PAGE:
China won't be beaten into submission like a vassal state. It's simply too big for that. The tension with China is due to the fact that US strategists understand that the US cannot compete with China. The only way the US can win is by military means. That's what worries me. Will the US just roll over like the SU? Or will it make a last stand by unleashing a nuclear holocaust on us? The change in US strategy away from nuclear deterrence towards the deployment of a new type of small nuclear warheads is very worrying.

China has no interest in military conflict because it can compete by non-military means. The Chinese will make concessions to maintain access to the US market, but they will not let the US stifle its national development. It will not let Trump thwart its high-tech sectors with companies like Huawei.

In view of the above, it would be very foolish for Europe to bind itself to a militaristic and trigger happy US. We would be the first victim in any conflict. The only way is for Europe to stay at equal distance from both the US and China, while competing with better technology by non-military means.
#15089668
Atlantis wrote:
@late, even if nobody wants war, an escalating conflict can easily spiral out of control. The US is used to getting its way by beating it's European and Asian allies into submission. During my time in Japan, I have seen how the US imposed one unequal trade agreement after the other on the country to correct the trade imbalance. The US simply isn't competitive in many fields and its only chance is to change the rules so as to gain a market advantage over its competitors by applying political pressure, which is ultimately backed by military power.

China won't be beaten into submission like a vassal state. It's simply too big for that. The tension with China is due to the fact that US strategists understand that the US cannot compete with China. The only way the US can win is by military means. That's what worries me. Will the US just roll over like the SU? Or will it make a last stand by unleashing a nuclear holocaust on us? The change in US strategy away from nuclear deterrence towards the deployment of a new type of small nuclear warheads is very worrying.

China has no interest in military conflict because it can compete by non-military means. The Chinese will make concessions to maintain access to the US market, but they will not let the US stifle its national development. It will not let Trump thwart its high-tech sectors with companies like Huawei.

In view of the above, it would be very foolish for Europe to bind itself to a militaristic and trigger happy US. We would be the first victim in any conflict. The only way is for Europe to stay at equal distance from both the US and China, while competing with better technology by non-military means.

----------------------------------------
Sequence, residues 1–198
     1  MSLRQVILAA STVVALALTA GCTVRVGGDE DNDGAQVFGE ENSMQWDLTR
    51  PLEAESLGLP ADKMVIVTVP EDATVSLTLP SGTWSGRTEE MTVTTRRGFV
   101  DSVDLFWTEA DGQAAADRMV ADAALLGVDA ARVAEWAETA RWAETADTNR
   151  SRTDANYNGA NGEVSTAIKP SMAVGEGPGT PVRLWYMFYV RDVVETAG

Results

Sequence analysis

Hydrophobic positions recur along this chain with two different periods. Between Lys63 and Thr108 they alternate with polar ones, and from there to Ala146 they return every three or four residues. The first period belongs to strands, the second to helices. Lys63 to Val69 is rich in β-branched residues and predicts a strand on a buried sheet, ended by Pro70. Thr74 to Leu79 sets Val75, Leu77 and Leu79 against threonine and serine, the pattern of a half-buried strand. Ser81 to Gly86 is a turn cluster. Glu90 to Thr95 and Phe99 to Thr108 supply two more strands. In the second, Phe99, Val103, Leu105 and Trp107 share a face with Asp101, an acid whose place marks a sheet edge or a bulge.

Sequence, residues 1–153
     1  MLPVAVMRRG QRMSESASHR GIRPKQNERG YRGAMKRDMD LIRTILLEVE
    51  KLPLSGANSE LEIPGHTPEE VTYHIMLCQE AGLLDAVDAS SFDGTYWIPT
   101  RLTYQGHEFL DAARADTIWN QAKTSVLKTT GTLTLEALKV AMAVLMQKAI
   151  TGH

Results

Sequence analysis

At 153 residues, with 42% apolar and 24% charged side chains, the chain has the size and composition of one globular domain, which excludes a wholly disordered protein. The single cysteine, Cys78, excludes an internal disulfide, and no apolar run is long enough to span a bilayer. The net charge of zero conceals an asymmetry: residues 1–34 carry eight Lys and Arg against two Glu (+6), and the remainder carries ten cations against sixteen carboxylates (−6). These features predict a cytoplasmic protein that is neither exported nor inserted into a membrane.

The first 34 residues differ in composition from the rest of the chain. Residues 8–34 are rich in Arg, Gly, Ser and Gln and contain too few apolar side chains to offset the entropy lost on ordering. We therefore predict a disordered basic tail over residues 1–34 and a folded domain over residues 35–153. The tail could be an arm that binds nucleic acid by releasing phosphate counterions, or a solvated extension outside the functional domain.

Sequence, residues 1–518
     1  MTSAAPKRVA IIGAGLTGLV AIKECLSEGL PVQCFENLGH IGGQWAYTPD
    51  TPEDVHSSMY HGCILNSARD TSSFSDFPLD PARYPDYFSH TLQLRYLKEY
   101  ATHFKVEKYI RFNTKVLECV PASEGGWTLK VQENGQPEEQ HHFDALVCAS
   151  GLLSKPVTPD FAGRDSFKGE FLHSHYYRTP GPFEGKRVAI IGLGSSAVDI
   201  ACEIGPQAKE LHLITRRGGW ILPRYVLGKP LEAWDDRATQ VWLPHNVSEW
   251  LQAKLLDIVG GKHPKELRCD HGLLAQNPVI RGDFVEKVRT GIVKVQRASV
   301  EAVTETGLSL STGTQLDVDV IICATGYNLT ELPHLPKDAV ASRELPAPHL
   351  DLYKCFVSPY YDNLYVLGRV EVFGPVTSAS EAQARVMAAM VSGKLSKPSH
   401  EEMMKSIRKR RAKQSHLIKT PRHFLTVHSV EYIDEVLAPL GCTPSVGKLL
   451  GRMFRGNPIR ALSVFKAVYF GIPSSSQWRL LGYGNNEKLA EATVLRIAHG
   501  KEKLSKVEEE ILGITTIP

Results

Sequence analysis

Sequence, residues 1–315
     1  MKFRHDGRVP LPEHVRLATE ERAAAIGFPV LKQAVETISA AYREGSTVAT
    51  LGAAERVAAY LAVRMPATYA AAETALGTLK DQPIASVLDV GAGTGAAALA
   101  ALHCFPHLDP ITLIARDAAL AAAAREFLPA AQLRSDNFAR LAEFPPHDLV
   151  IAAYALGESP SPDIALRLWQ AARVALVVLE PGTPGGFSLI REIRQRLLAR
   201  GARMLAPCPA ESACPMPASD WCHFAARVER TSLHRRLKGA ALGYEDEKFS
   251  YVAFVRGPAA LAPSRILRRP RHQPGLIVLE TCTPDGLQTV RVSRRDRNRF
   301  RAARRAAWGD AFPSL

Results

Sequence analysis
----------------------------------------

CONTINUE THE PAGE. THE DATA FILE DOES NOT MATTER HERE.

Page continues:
One of the points I was trying to get Crossy to understand is exactly that, things can spiral out of control.

I agree with most of that. I think it's a bit more complicated than your portrayal, but you have a point.

Finding a peaceful resolution when there is an emerging power, and a fading empire, is tricky. Historically, most of the time, things get ugly.

But because China can win economically, and China is just too big to push around, there is the potential to find a balance point, a negotiated agreement.
#15089676
Cold War rhetoric between China and the United States is threatening to freeze relations between the world’s two leading economies, triggering the risk of a military conflict.



The Cold War was all about containment to prevent a full-blown war between the two superpowers, which could have led to the annihilation of the human race. The Cold War was a period of long peace when the United States didn't engage with the Soviet Union militarily. Trump is just doing fine with China which has been making trade and territorial concessions. China does not want war with the mightiest nation in the world and it will be pressured to observe international norms. The Sum of All Fears is a good introduction for those who have not lived through the Cold War. I still remember President Reagan fondly as a Cold Warrior.

#15089690
late wrote:Finding a peaceful resolution when there is an emerging power, and a fading empire, is tricky. Historically, most of the time, things get ugly.


In his book Sleepwalkers, historian Christopher Clark compares pre-war Germany with today's China. Before WWI Germany rose to became an industrial and technological power that was a challenge to the British Empire like China is a challenge to the US today. Could the war have been avoided if Britain had let Germany have a greater share of the pie? Anyways, Clark believes we shouldn't make the same mistake and let China integrate with the world economy.

Perhaps the rest of the world should find a way of gradually easing the US away from its current role without taking too much of an economic hit.

But because China can win economically, and China is just too big to push around, there is the potential to find a balance point, a negotiated agreement.


I don't really understand what that even means. There will be a competition of systems, and despite China's enormous size, there is space for others.
#15089692
Atlantis wrote:
I don't really understand what that even means. There will be a competition of systems, and despite China's enormous size, there is space for others.



The balance point is keeping enough pressure on to get China to play nice while at the same time allow it a growing influence through Soft Power, through economic and diplomatic agreements.